Texas Supreme Court Justice Don Willett, appearing Wednesday before the Senate Judiciary Committee for his nomination hearing to be a federal appeals court judge, was assailed by Democrats who cited his tweets and other statements that they said suggested a lack of sensitivity to women’s and transgender rights.
James Ho, a Dallas lawyer and former Texas solicitor general, who is also nominated to fill another Texas vacancy on the 5th U.S. Circuit Court of Appeals, fared better.
U.S. Sens. John Cornyn, R-Texas, and Ted Cruz, R-Texas, who had recommended the nominees to President Donald Trump for the lifetime appointments, lavished praise on them – Willett for raising himself up from modest beginnings and Ho for his American success story after arriving as an immigrant from Taiwan.
Senate Democrats, led by ranking member Sen. Dianne Feinstein, D-Calif., however, pounced on Willett’s past writings that seemed to diminish the value of women’s concerns on pay and equality and of LGBT issues, especially his tweet that appeared to mock a transgender girl who was allowed to play on a girls’ softball team.
It was a rough session for the usually glib Willett, who is a frequent Twitter user and was named “Tweeter Laureate” by the Texas Legislature in 2015. Asked by Cornyn and others if he would continue to tweet, he said that he hadn’t decided but, “If I do, the frequency and content would change.”
Feinstein began by repeatedly questioning Willett over a memo he’d written in 1998 objecting to a proclamation being prepared for then-Gov. George W. Bush for the Texas Federation of Business and Professional Women when Willett was on the governor’s staff.
Feinstein said that she was the first woman to serve on the judiciary panel and told Willett that his comments, appearing to dismiss what he described as “hype” — women’s issues on glass ceiling, pay equity, and sexual discrimination and harassment — “concern me.”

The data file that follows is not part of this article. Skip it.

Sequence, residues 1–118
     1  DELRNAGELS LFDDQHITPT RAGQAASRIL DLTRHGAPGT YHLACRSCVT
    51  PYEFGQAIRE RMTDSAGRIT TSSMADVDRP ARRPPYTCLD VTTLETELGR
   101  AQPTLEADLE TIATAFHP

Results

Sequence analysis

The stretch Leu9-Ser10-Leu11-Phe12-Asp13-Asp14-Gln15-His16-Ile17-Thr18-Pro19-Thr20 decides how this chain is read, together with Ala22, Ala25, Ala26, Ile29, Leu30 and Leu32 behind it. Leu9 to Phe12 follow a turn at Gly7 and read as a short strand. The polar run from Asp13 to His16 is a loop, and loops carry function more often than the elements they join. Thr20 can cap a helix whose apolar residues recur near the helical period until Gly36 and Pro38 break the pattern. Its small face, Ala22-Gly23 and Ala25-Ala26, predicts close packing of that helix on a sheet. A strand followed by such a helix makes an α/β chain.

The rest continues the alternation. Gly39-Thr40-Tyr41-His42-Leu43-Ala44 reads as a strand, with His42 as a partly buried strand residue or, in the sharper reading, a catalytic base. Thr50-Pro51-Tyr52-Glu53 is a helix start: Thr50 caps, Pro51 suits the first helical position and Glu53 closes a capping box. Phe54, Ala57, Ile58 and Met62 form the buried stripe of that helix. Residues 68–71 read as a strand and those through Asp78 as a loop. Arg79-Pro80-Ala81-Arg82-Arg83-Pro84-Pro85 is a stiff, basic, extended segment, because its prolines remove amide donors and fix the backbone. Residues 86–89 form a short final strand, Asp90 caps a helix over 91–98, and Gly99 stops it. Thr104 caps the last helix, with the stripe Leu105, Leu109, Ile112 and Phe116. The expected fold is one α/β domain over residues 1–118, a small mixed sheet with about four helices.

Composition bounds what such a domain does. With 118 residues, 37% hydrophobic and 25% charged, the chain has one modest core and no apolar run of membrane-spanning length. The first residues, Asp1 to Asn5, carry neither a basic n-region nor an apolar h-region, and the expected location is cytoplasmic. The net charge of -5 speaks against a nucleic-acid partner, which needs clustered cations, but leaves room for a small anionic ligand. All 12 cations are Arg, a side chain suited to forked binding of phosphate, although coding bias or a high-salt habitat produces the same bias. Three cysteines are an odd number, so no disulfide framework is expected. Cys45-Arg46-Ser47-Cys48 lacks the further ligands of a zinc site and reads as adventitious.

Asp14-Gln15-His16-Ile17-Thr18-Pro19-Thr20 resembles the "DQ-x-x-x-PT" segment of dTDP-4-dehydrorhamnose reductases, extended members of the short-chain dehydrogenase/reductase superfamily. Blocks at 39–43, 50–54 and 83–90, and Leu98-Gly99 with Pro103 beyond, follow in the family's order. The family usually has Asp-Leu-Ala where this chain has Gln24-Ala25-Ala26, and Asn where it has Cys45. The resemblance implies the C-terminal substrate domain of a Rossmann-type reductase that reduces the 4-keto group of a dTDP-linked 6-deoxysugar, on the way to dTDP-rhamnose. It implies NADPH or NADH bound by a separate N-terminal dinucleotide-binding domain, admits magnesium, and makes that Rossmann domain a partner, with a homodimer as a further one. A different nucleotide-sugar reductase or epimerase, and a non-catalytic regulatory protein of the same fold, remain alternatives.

When Willett answered by launching into a description of his widowed mother’s hard-scrabble life, Feinstein interrupted him, asking about what he’d written: “Do you still hold those beliefs?” At that, Willett asked her to repeat the question.
Finally, he said that he believed “women encounter all manner of obstacles” in life. “I was not trying to torpedo the proclamation,” he said, explaining that he wanted it reworded so as not to “take sides.”
Feinstein cited an American-Statesman story in 2000 which quoted Willett as saying in the memo, “I resist the proclamation’s talk of ‘glass ceilings,’ pay equity (an allegation that some studies debunk), the need to place kids in the care of rented strangers, sexual discrimination/harassment, and the need generally for better ‘working conditions’ for women (read: more government).” She entered the story into the committee record.
Sens. Patrick Leahy, D-Vt., and Al Franken, D-Minn., had a Willett tweet blown up – it was about a transgender girl joining the girls’ softball team with the comment, “Go away A-Rod” – and had staffers hold it up behind them during their question time.
“If you’re confirmed to the 5th Circuit you’re going to hear constitutional and civil rights cases involving LGBTQ individuals,” Leahy said. “Why would a transgender person with a case before you ever think they’d have a fair and impartial hearing?”
Willett insisted that he would not discriminate and that the reference was an attempt at humor related to New York Yankee slugger Alex Rodriguez having agreed to a suspension. However, under questioning by Franken, a one-time comic on “Saturday Night Live,” Willett could not explain the joke, saying it was “a ham-handed attempt at levity.”
Franken said that he did not believe Willett: “I think this was meant to be hurtful. It was meant to deride a young woman. I don’t know how else anyone … can interpret this. It’s a tweet of derision. You can’t explain what the joke was.”
Leahy also complained about a Willett tweet posted when the Supreme Court legalized gay marriage that said, “I could support recognizing a constitutional right to marry bacon.” Willett’s response was that it was also an attempt at humor.
I could support recognizing a constitutional right to marry bacon. pic.twitter.com/HKPW6tE4H6— Justice Don Willett (@JusticeWillett) April 30, 2015
Ho came in for some pointed questions from Sen. Sheldon Whitehouse, D-R.I., wondering about a memo he wrote while at the Justice Department that is classified but is cited in a discredited memo from the Office of Legal Counsel during the Bush administration supporting torture and waterboarding.
“It’s a memo subject to attorney/client privilege,” said Ho, explaining that he was not the one who had made that determination.
Willett, who was on Trump’s short list of Supreme Court candidates, and Ho are expected to be approved by the committee along partisan lines.